Burn survivor now burn nurse?

  1. Ok, I need advice. I burned approx 80% of my body, mostly 3rd degree, full thickness, when I was a child. So I very much grew up in hospitals with grafting, etc. You guys know the drill!

    Recently I accepted an ICU position that will be including fresh burn patients. I desperately want to do something positive for these people, but at the same time, I'm also wondering if it could possibly hit a nerve and freak me out. Does anyone have any opinions on this? I really want to feel like I am helping someone, somehow.
    •  
  2. 9 Comments

  3. by   jaimealmostRN
    Before you accept the postion are you able to "shadow" one of the staff nurses for a day on this unit? Ask the manager to be placed with one burn patient. Theres no need to mention your history (unless you want to). Say that you want to make sure you are comfortable with burn patients. A lot of very tough nurses have difficulty with burn patients so your manager/charge will not think this is strange. Good luck!
  4. by   gwenith
    Totally agree with Jaime's suggestion. You won't know until you try and shadowing someone is the best way to try. LUCK!!!!
  5. by   saskrn
    Unfortunately I can't shadow, as the position is 400 miles away, in a different country. But it's a great suggestion!
  6. by   missmercy
    My dad suffered extreme burns over 50% of his body -- I was with him for hours on end at the hospital and when he come home -- still requiring care: dressing changes etc.... I don't know if I could do a burnu unit now -- but then again, the thrill of turning a bad experience into a rewarding, positive thing is a huge motivator! I have major migraines and have to admit that thaey have made me a better nurse for my migraine patients -- cause I know what it's like to be where they are.... It's all about what's right for you!! If you find you can't do it without being too emotionally touched - try something different. If you can, then by all means DO IT!! You have a unique ability to minister to the needs of those patients in a way that few others will ever have! God gives us grace to endure trials and difficulties and if He wants to use you in that field, He'll give you all you need to do it!! I'm proud of you for wanting to turn the oprdealinto a toOL to help others! You sound like an incredible person!!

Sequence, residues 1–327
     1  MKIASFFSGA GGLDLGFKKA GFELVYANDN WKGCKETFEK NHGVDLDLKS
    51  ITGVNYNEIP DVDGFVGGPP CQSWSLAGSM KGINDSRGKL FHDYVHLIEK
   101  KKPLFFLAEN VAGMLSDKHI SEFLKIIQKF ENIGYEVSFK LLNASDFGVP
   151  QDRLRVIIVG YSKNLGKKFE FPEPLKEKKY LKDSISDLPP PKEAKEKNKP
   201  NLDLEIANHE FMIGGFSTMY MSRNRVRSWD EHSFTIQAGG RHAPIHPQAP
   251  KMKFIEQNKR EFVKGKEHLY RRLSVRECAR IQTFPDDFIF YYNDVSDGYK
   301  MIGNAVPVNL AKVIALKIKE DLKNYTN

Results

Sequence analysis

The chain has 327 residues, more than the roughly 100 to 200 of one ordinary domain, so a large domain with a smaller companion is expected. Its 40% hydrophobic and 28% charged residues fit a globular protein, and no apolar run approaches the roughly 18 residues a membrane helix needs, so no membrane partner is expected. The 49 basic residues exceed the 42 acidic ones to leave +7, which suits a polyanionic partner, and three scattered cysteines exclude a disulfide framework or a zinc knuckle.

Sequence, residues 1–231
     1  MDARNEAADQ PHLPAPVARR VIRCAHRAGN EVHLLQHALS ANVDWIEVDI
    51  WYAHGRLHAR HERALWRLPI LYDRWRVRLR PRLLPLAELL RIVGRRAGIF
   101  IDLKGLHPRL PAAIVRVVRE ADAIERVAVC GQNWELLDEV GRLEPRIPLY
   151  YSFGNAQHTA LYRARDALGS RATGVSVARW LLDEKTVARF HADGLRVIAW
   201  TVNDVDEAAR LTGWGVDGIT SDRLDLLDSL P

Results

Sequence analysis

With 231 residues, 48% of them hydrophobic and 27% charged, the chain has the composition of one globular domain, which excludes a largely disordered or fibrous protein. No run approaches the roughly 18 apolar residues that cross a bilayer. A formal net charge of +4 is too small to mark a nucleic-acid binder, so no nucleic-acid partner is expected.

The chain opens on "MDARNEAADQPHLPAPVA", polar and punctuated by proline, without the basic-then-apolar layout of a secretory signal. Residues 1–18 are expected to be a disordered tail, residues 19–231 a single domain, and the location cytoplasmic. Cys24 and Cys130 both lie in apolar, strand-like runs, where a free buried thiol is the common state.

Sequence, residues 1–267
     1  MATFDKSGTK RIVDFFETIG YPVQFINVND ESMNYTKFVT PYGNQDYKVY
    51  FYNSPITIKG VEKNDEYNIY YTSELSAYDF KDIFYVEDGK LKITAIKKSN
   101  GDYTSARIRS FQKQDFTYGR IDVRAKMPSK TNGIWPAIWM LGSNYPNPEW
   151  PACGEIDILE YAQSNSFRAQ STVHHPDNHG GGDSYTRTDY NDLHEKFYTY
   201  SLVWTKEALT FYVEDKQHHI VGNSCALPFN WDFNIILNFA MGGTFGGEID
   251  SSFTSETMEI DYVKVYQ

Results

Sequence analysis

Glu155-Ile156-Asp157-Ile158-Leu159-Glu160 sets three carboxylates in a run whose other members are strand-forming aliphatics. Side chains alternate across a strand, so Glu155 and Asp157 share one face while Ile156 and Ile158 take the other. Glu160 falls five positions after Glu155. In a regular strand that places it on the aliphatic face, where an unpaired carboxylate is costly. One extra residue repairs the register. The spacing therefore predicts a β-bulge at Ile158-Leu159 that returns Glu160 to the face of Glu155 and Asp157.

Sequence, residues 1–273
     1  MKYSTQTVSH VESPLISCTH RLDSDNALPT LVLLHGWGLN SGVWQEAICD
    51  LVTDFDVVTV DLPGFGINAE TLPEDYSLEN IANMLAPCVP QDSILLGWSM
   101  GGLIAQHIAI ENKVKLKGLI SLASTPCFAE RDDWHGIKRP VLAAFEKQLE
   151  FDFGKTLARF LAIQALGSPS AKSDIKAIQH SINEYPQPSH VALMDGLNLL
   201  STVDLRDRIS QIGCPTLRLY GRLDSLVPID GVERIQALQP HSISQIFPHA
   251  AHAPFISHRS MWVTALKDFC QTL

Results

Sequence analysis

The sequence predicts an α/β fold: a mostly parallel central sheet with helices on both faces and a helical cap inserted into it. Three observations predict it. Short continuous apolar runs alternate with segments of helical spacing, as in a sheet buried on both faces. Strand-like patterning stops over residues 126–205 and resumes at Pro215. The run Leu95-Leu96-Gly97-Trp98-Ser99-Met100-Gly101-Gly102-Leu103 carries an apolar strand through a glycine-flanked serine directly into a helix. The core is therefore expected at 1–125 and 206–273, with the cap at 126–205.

7. by   saskrn
    Quote from missmercy
    My dad suffered extreme burns over 50% of his body -- I was with him for hours on end at the hospital and when he come home -- still requiring care: dressing changes etc.... I don't know if I could do a burnu unit now -- but then again, the thrill of turning a bad experience into a rewarding, positive thing is a huge motivator! I have major migraines and have to admit that thaey have made me a better nurse for my migraine patients -- cause I know what it's like to be where they are.... It's all about what's right for you!! If you find you can't do it without being too emotionally touched - try something different. If you can, then by all means DO IT!! You have a unique ability to minister to the needs of those patients in a way that few others will ever have! God gives us grace to endure trials and difficulties and if He wants to use you in that field, He'll give you all you need to do it!! I'm proud of you for wanting to turn the oprdealinto a toOL to help others! You sound like an incredible person!!